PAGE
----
HC Deb 03 July 1968 vol 767 cc1481-3
17. Mr. Edward M. Taylor

asked the Secretary of State for Scotland how many police officers were recruited to Scottish forces in the first six months of 1968; how many men were lost to the forces in the same period; and what was the main reason given by those who left the forces voluntarily during that period.

Mr. Buchan

During the first six months of 1968 a total of 458 police officers—418 men and 40 women—were recruited to Scottish forces: in the same period 358 officers left—313 men and 45 women. Voluntary resignations accounted for 186 officers—151 men and 35 women: information about the reasons given for resignation is not available for this period.

Mr. Taylor

Does the hon. Gentleman agree that the numbers of long-serving police officers leaving at present give cause for concern when we have an increase in violent crime? In view of the reasons for leaving the force given by those who left last year, can the Minister give an assurance that the greatly increased productivity, as a result of unit beat policing and other factors will be taken fully into account in the September pay review?

Mr. Buchan

All factors will be taken fully into account. It is a cause for certain satisfaction, although I do not want to make too much of it, that the total number of police officers has increased enormously—105 of these were men—and that of those who left there has been a larger proportion because of retirement rather than resignations. Both those facts are cause for congratulations to the Government and the police authority.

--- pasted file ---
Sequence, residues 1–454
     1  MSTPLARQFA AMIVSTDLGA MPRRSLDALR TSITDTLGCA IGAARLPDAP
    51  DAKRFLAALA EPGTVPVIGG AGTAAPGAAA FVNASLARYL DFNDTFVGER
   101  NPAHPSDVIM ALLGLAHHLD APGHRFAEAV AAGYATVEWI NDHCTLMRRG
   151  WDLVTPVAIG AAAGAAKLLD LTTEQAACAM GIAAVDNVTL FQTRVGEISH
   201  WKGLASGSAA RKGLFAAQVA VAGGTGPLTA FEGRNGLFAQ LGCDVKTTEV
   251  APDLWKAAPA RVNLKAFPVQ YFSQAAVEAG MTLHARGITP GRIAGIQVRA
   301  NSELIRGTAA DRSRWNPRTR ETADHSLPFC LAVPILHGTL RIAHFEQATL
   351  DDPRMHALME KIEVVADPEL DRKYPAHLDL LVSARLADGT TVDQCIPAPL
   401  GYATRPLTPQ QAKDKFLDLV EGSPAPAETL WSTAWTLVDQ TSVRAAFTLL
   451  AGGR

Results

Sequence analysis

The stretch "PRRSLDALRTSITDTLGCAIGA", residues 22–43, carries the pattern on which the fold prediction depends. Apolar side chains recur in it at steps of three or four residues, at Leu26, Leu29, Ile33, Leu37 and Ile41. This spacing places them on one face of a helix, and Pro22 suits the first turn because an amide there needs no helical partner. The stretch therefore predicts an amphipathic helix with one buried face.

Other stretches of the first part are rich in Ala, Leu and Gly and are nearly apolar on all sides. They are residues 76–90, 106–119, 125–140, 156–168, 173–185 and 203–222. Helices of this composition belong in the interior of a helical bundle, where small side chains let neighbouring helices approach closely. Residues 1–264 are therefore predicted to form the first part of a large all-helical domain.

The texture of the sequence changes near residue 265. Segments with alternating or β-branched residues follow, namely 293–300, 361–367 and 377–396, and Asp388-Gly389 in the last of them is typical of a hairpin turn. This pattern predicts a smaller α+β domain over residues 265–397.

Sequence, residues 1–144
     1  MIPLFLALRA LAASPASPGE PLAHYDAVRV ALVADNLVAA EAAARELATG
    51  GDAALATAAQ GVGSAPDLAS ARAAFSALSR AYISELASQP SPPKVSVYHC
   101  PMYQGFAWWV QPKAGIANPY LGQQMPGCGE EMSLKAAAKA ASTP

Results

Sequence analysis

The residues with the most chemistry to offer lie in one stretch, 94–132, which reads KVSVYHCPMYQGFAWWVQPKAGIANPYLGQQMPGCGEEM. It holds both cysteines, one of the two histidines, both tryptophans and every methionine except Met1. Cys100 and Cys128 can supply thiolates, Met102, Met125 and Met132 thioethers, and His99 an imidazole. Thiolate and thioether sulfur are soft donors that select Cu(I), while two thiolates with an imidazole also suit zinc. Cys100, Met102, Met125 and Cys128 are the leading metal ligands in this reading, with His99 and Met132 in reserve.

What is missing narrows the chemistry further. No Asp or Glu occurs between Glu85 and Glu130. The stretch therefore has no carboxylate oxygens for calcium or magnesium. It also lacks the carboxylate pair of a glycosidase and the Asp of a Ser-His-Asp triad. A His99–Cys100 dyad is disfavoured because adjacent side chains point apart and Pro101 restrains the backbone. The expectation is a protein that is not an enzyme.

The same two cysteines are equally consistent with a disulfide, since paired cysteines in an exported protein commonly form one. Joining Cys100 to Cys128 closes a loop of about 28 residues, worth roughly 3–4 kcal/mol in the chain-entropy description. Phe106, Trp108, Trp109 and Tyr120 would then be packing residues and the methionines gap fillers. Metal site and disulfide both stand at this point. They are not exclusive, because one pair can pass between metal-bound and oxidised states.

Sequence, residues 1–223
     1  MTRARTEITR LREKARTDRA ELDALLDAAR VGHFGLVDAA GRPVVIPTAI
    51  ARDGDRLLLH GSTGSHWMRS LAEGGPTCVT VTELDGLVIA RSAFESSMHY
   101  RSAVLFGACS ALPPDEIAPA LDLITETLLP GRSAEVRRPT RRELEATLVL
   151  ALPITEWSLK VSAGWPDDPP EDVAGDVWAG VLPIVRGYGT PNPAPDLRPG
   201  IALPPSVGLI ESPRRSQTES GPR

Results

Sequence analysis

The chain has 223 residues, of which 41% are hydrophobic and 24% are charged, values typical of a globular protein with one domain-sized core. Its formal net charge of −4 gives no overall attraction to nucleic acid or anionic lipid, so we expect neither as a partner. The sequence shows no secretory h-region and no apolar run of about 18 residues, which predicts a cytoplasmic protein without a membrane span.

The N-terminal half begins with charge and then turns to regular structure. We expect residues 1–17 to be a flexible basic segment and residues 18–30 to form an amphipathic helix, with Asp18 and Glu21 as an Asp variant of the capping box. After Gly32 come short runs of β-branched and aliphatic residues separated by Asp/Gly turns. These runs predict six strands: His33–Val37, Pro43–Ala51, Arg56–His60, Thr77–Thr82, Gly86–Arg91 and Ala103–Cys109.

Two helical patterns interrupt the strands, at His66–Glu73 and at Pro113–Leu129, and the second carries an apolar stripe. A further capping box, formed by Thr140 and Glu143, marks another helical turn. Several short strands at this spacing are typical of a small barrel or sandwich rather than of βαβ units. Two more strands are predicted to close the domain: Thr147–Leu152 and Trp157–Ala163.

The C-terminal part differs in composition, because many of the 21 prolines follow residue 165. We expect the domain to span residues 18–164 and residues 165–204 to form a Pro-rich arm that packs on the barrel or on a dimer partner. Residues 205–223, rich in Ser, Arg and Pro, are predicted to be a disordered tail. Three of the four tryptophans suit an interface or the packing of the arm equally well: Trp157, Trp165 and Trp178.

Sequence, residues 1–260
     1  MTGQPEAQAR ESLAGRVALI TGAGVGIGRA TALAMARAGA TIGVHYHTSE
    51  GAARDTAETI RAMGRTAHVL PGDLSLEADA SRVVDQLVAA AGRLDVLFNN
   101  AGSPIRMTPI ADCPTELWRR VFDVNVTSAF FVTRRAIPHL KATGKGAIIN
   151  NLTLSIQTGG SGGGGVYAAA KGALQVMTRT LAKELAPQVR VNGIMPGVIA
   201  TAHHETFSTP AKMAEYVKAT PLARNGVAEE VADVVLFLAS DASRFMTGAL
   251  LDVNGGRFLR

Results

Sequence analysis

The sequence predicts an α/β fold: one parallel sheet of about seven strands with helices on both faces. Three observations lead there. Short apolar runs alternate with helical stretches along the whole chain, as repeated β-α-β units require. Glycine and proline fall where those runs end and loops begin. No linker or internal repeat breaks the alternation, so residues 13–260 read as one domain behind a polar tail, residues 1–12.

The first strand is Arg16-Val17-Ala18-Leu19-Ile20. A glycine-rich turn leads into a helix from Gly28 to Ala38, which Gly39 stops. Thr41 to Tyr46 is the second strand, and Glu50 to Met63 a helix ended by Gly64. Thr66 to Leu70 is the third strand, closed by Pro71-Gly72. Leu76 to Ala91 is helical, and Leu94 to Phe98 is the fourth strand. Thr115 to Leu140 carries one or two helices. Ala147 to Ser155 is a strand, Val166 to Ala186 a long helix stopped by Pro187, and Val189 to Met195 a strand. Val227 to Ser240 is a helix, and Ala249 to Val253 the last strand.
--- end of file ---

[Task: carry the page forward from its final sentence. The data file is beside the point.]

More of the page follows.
Mr. Lawson

Will my hon. Friend explain why there is so much talk about the shortage of police constables when we know that over the past 10 years the number in Glasgow alone has increased by nearly a quarter?

Mr. Buchan

That is true. The ratio of police to population has increased enormously, as my hon. Friend said. I take it that one of the reasons for the continued anxiety about numbers is the crime situation. I am determined to push up the numbers in order to deal with that situation.

Mr. MacArthur

Does the Minister agree that one of the best aids to the recruitment which we so much need would be for the Government to show greater understanding of the problems confronting the police in their fight against crime? Does he agree that a good start would be made if the police were given powers to search where the possession of an offensive weapon is suspected?

Mr. Buchan

I sometimes think that I should provide the hon. Gentleman not only with that, but with a gramophone needle. We have gone over this many times in the past six months. We must try to restore confidence, which some hon. Members opposite have sapped in the City of Glasgow by the continual reference to the inadequacy of police powers. There is no inadequacy of police powers. That is what we should be emphasising if we are concerned about dealing with crime rather than making political points.